|     189 | INSERT INTO test_sbtest_3948.s ... 9365-63502117132-66650064067') | Opening tables | 16.29 ms          | 15.38 ms     |
|     190 | INSERT INTO test_sbtest_6885.s ... 8436-41291265610-60894472357') | Opening tables | 13.78 ms          | 9.52 ms      |
|     191 | INSERT INTO test_sbtest_247.sb ... 7467-89459234028-92064334941') | Opening tables | 8.36 ms           | 3.18 ms      |
|     192 | INSERT INTO test_sbtest_9689.s ... 8058-74586985382-00185651578') | Opening tables | 6.89 ms           | 0 ps         |
|     193 | INSERT INTO test_sbtest_8777.s ... 1900-02582963670-01868315060') | Opening tables | 7.09 ms           | 5.70 ms      |
|     194 | INSERT INTO test_sbtest_9972.s ... 9057-89011320723-95018545652') | Opening tables | 9.44 ms           | 9.35 ms      |
|     195 | INSERT INTO test_sbtest_6977.s ... 7902-29158428721-66447528241') | Opening tables | 7.82 ms           | 789.00 us    |
|     196 | INSERT INTO test_sbtest_129.sb ... 2091-86346366083-87657045906') | Opening tables | 13.01 ms          | 7.30 ms      |
|     197 | INSERT INTO test_sbtest_1418.s ... 6581-90894769279-68213053531') | Opening tables | 16.35 ms          | 10.07 ms     |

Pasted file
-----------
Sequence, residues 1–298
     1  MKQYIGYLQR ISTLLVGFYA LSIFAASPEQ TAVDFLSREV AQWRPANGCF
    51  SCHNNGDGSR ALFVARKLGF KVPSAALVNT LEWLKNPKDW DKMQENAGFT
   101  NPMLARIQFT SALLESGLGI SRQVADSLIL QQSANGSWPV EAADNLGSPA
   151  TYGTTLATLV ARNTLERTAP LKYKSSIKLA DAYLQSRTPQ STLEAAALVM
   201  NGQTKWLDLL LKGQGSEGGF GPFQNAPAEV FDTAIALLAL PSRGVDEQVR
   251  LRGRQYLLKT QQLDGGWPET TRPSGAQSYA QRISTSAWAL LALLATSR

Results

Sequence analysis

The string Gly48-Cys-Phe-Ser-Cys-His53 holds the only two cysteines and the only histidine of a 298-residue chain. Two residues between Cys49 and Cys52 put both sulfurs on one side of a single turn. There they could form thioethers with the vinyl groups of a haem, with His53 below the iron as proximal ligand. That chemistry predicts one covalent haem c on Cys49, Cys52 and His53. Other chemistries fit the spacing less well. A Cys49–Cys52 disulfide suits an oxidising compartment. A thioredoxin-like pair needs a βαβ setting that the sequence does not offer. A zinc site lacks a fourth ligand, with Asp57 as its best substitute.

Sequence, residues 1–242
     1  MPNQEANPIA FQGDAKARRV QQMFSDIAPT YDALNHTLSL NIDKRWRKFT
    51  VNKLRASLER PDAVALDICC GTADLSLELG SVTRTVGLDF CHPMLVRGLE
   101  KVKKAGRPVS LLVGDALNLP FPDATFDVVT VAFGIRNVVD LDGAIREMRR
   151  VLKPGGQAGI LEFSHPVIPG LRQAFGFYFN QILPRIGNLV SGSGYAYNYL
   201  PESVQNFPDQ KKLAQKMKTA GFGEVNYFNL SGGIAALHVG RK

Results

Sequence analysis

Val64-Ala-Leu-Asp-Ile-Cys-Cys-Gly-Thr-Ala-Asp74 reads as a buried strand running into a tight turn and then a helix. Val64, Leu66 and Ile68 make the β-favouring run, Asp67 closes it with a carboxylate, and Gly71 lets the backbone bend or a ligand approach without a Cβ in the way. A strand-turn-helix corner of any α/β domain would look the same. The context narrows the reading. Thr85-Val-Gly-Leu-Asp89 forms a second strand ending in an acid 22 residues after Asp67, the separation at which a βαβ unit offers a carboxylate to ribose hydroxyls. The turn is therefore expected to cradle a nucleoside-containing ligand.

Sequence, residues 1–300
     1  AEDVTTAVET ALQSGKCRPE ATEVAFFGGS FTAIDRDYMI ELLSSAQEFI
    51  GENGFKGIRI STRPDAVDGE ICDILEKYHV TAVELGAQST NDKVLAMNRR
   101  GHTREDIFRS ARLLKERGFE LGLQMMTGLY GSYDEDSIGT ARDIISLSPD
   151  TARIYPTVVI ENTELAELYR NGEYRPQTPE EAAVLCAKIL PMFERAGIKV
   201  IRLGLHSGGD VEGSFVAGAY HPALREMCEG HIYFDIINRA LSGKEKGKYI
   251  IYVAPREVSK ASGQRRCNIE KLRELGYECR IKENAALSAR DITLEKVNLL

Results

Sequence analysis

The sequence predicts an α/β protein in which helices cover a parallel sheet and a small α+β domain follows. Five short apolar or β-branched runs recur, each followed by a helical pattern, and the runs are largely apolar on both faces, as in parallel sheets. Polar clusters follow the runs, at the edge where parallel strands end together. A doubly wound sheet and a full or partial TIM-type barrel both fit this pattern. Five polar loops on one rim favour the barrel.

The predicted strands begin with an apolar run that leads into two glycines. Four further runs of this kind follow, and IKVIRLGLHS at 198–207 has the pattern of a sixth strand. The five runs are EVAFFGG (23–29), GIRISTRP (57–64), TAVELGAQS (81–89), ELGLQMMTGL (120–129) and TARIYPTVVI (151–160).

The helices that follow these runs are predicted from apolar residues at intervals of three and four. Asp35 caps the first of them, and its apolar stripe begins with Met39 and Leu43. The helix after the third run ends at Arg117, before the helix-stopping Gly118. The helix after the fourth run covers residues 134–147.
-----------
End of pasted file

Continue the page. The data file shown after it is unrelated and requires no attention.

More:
|     208 | INSERT INTO test_sbtest_4757.s ... 4592-86183240946-83973365617') | Opening tables | 8.66 ms           | 2.84 ms      |
|     207 | INSERT INTO test_sbtest_2152.s ... 5459-55779113235-07063155183') | Opening tables | 11.08 ms          | 3.89 ms      |
|     212 | INSERT INTO test_sbtest_7623.s ... 0354-58204256630-57234862746') | Opening tables | 8.67 ms           | 2.80 ms      |
|     215 | INSERT INTO test_sbtest_5216.s ... 9161-37142478639-26288001648') | Opening tables | 9.72 ms           | 3.92 ms      |
|     210 | INSERT INTO test_sbtest_8007.s ... 2999-90116450579-85010442132') | Opening tables | 1.33 ms           | 0 ps         |
|     203 | INSERT INTO test_sbtest_7173.s ... 2718-12894934801-25331023143') | Opening tables | 358.09 us         | 0 ps         |
|     209 | INSERT INTO test_sbtest_1118.s ... 8361-98642762543-17027080501') | Opening tables | 3.32 ms           | 0 ps         |